In the introduction to “Four views off divine providence,” Denis W. Jowers, the editor, provides several examples of ambiguous scriptures about God’s sovereignty. Some of these examples concern God’s total control versus his disappointment that he doesn’t achieve what he wants.
“Though God declares, ‘My counsel will stand and I will accomplish all my purpose” (Isa. 46:10), he expresses disappointment at his people’s failure to hearken to his pleas: “What more was there to do for my vineyard,that I have not done in it? When I looked for it to yield grapes, why did it yield wild grapes? (Isaiah 5:4).”
Another example, which is my focus:
“Tensions similar to those that complicate the Old Testament account, moreover, resurface in the New Testament’s teaching on divine providence. Once more, God expresses seeming disappointment at human beings’ unwillingnessto cooperate with his salvific initiative. “O Jerusalem, Jerusalem,” Jesus cries out, “the city that kills the prophets and stones those who are sent to it! How often would I have gathered your children together as a hen gathers her brood under her wings, and you wouldnot!” (My underlining).
Jowers seems to be arguing – the use of the term “unwillingness” is telling – like the famous Arminian, Norman Geisler, who says in his Chosen but free that “it is God’s ultimate and sovereign will that we have free will even to resist His will that everyone be saved.” And so, although God is disappointed that so many among the leaders and children of Jerusalem are not willing to come to him, he cannot disobey his own sovereign will to refrain from lording it over human beings to whom he has given the most precious gift of all, namely to choose to follow him or not.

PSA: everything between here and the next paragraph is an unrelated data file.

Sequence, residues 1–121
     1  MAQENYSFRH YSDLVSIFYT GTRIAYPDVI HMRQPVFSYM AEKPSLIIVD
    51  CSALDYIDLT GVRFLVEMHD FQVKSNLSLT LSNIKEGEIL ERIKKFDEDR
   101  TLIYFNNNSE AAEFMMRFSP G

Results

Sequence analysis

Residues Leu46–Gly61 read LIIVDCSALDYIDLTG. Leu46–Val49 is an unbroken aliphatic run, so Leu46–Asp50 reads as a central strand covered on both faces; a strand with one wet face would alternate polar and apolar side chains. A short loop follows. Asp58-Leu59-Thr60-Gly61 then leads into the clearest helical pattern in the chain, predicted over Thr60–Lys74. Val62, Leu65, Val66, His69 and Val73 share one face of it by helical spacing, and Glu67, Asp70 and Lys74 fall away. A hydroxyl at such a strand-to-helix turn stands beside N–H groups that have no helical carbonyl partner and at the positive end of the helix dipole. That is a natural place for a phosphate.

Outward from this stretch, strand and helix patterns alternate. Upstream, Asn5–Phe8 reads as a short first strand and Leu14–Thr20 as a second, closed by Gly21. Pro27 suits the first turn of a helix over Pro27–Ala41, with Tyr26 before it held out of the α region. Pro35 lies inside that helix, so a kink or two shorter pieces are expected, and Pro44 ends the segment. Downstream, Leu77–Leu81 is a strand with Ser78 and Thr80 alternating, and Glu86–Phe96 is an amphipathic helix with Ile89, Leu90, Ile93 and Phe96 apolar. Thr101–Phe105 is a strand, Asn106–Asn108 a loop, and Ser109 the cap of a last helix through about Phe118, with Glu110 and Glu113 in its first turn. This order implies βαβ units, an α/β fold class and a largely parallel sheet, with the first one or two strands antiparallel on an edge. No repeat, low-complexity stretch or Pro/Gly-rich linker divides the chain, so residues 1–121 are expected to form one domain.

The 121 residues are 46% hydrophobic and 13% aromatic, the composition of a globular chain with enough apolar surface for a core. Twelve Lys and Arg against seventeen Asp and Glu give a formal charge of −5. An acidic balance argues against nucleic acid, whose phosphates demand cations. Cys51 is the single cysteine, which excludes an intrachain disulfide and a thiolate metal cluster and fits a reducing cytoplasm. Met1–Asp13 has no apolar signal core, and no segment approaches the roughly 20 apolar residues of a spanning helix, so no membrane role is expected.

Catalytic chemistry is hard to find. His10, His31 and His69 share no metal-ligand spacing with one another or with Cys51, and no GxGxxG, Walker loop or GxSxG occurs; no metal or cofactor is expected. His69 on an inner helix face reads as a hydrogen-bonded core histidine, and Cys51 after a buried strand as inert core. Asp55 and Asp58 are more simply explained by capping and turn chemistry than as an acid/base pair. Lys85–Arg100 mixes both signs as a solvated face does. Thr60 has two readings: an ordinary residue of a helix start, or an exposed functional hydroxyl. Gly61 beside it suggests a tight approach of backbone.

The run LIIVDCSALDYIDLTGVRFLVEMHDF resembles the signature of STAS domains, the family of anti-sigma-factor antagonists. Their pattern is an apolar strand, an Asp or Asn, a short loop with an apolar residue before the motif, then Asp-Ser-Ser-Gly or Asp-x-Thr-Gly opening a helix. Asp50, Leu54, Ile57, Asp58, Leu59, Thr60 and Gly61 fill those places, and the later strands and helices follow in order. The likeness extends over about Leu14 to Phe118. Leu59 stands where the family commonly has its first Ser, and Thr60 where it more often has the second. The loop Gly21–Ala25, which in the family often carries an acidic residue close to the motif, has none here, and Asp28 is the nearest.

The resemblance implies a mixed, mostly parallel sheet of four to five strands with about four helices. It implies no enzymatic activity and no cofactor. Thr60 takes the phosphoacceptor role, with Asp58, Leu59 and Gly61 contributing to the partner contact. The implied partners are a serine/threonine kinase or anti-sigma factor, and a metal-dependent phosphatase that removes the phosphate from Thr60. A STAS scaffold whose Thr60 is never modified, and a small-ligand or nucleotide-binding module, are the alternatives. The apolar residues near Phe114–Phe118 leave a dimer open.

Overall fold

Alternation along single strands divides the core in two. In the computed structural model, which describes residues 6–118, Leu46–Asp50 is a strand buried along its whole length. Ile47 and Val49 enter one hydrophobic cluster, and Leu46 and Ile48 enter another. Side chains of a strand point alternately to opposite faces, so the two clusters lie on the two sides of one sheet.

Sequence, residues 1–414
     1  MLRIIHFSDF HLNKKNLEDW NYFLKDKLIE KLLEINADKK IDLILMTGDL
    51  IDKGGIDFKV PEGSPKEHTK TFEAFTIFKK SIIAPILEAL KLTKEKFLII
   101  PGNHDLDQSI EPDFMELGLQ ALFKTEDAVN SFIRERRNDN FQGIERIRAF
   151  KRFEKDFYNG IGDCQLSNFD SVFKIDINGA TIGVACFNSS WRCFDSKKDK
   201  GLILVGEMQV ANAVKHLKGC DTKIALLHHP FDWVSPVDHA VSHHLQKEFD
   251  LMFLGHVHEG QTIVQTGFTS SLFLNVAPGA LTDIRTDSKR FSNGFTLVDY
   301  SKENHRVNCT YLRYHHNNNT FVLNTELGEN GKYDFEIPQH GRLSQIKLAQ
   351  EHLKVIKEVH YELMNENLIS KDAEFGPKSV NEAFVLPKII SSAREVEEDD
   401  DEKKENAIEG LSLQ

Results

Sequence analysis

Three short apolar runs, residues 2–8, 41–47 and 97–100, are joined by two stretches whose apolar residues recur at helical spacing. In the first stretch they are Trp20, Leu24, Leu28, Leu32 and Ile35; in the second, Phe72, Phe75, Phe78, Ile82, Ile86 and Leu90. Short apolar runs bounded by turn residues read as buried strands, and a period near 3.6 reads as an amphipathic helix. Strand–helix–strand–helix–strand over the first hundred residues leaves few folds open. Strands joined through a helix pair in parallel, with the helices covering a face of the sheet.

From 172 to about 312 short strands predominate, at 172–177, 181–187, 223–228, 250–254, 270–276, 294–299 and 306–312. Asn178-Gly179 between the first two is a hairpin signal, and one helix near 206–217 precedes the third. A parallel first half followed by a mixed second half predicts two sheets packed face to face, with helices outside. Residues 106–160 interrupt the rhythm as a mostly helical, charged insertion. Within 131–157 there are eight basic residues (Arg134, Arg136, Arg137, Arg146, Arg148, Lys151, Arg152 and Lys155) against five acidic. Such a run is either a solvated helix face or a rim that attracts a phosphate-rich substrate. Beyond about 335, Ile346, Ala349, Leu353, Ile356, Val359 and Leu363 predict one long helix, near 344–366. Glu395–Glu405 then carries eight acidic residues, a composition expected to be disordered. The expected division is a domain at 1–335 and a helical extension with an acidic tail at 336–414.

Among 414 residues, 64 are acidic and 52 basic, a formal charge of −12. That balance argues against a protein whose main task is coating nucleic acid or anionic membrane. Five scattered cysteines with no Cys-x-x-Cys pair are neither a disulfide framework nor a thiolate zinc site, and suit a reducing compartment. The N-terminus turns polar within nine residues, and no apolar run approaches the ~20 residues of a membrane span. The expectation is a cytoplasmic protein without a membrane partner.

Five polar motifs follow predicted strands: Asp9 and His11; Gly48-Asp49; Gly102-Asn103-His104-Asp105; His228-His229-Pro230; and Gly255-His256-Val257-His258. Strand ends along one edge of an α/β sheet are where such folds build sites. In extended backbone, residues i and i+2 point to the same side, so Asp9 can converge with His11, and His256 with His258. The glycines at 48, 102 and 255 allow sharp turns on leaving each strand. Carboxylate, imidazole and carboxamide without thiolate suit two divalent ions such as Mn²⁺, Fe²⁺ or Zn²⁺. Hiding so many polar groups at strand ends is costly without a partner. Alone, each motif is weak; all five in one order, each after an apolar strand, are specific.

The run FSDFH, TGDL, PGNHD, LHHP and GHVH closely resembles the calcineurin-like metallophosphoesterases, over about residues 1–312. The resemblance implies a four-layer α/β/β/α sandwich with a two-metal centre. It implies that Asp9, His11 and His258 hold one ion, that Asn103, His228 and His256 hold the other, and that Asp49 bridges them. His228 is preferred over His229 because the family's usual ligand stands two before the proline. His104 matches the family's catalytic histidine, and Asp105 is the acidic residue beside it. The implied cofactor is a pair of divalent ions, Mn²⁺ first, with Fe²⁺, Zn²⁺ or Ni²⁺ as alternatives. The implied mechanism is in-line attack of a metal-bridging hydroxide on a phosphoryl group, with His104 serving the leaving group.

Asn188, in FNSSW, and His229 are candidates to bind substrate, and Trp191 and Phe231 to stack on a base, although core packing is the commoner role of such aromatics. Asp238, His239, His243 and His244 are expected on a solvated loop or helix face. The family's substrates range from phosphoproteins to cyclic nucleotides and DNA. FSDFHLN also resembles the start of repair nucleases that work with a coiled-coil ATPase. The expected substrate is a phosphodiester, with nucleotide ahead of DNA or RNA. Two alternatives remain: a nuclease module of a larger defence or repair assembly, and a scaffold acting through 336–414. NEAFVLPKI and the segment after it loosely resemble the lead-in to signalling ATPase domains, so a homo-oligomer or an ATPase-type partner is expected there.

Jowers is a Presbyterian, but that doesn’t tell you that modern Presbyterians are non-Arminians or that they cannot get confused. Jowers’ understanding of the passage is prevalent among evangelical Arminians. I briefly consider the argument of one such group. In James White on Matthew 23:37, they say:
“James White recently discussed Matthew 23:37 on Radio Free Geneva in response to Dr. Norman Geisler’s book Chosen but Free. Here’s the passage.”
Matthew 23:37-39 states: “O Jerusalem, Jerusalem, the one who kills the prophets and stones those who are sent to her! How often I wanted to gather your children together, as a hen gathers her chicks under her wings, but you were not willing! 38 See! Your house is left to you desolate; 39 for I say to you, you shall see Me no more till you say, ‘Blessed is He who comes in the name of the LORD!’”
“James White uses the difference between ‘Jerusalem’ and ‘your children’ to argue that Jerusalem represents the Jewish leadership while Jerusalem’s children are the Jewish people. Dr. Geisler responds by pointing out that even if this were true, it doesn’t matter. Either way someone opposes Christ’s desire. I like Dr. Geisler’s point; per Calvinism, no one can oppose God’s desire in the sense of His decree for what He wants to happen. James White quickly points out that Calvinism distinguishes God’s desires from His commands and then James White claims Matthew 23:37 is about God’s commands and the outward ministry of the Gospel rather than God’s desire for the outcome. But if that’s the case it seems to strengthen Dr. Geisler’s point that the discussion of ‘Jerusalem’ and ‘your children’ is a side issue. Why does it matter who is opposing Christ, so long as they are not really opposing His desire.”